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Chelsea’s Physic Garden in the mid-1800s

Chelsea’s Physic Garden in the mid-1800s

Text taken from Isabella Burt, Historical Notices of Chelsea,
Kensington, Fulham and Hammersmith, 1871

Note: What are here called the Botanical Garden at Chelsea is now known as the Chelsea Physic Garden

The Manor of Chelsea is a very ancient one, and has passed through illustrious and noble hands. Henry VIII, Catherine Parr, the Duke of Northumberland an Anne of Cleves have all owned or resided here. Sir Hans Sloane purchased the Manor of the last Viscount Newhaven in the year 1712. Sir Hans Sloane was one of those men who leave their mark on the age in which they flourish. He was descended from a Scotch family, but educated in the North of Ireland. he became an ardent botanist, of no mean ability; he studied the various branches of physic successfully; he was president of the Royal College of Physicians; and he was so great a benefactor of the botanical gardens at Chelsea that he greatly enriched them with scarce and curious plants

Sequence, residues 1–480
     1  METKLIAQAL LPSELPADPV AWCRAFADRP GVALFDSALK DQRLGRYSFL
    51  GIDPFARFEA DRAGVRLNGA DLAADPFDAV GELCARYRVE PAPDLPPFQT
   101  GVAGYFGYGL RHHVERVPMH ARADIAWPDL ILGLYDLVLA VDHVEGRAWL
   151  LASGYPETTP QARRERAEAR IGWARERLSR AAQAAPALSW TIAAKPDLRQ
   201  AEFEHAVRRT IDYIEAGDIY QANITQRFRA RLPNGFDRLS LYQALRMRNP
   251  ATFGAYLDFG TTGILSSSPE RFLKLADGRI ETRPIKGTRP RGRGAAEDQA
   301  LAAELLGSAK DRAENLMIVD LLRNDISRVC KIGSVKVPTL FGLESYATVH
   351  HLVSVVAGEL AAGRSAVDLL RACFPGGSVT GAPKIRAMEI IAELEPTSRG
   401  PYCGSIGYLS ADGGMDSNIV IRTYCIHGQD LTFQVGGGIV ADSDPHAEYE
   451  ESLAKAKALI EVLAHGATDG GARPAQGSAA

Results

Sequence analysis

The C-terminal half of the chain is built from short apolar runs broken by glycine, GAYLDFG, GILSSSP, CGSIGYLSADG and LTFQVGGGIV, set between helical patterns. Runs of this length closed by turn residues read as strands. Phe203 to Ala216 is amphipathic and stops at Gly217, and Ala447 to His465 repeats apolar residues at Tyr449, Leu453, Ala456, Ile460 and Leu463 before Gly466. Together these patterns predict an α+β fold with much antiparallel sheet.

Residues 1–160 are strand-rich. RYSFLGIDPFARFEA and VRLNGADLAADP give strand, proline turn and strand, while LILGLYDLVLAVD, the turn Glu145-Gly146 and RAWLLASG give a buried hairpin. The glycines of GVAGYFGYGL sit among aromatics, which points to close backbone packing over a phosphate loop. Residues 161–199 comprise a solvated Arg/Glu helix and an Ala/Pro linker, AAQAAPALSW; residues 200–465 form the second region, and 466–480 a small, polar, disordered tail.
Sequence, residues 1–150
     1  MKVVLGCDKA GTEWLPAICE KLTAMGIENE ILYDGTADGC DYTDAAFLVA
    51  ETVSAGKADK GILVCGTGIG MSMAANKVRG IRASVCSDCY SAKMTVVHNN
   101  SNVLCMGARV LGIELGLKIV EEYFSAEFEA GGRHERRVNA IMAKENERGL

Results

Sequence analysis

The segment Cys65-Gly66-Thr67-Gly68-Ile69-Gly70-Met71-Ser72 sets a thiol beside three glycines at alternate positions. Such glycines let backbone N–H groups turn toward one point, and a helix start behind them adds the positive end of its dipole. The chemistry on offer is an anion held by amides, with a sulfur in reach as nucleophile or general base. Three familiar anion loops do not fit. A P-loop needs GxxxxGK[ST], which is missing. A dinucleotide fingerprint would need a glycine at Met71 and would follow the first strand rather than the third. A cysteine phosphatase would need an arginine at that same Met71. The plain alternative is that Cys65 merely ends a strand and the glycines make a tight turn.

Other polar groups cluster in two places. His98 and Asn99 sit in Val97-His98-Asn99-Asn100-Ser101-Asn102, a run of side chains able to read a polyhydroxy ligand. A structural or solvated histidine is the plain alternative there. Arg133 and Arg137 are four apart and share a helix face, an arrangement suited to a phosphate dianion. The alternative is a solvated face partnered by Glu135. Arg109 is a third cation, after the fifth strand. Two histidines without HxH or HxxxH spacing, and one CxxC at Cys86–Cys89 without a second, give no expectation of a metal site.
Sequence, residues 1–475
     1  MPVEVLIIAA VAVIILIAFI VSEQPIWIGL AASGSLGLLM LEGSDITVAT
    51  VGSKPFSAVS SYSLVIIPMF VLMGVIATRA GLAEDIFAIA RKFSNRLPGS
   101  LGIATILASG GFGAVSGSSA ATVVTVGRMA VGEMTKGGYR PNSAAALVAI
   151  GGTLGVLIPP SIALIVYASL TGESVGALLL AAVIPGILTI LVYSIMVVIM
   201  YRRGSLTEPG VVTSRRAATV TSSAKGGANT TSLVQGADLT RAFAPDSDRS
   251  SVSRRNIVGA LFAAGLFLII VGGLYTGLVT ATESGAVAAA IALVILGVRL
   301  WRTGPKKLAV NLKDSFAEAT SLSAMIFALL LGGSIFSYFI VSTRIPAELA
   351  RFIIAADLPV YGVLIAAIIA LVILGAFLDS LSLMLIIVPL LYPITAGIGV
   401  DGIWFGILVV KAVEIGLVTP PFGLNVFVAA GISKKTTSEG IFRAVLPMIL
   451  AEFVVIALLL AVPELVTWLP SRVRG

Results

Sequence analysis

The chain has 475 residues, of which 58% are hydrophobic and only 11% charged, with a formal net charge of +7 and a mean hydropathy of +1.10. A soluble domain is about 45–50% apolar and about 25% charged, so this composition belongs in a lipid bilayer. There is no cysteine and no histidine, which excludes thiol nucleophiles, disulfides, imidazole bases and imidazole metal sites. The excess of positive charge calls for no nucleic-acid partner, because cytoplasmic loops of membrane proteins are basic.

These gardens were the third of their kind in England. The celebrated John Gerarde, the father of English botany, established the first botanical gardens in the country. The gardens of Tradescant, at South Lambeth, were the next. He collected a number of rare and curious plants. But the whole were given, in 1667, to the University of Oxford.

The Botanical Gardens at Chelsea are nearly four acres in extent. Evelyn, that lover of trees and gardens, mentions them in high terms in his beautiful Diary. Various persons of ability managed them, until they fell under the care of Petiver; he accumulated so large a collection of specimens of plants, etc., that after his death Sr Hans Sloane purchased it, and it was sent to the British Museum.

It was at these gardens that he [Sloane] first studied his favourite science. A statue of him, by the celebrated Rysbrach, stands in the centre. Sir Hans Sloane was physician to Queen Anne, and in her last illness he was called in. He was also the intimate friend of Sir Isaac Newton. When Sloane purchased the Manor of Chelsea, he gave a large piece of ground to his favourite gardens, besides contributing in various ways to their embellishment.


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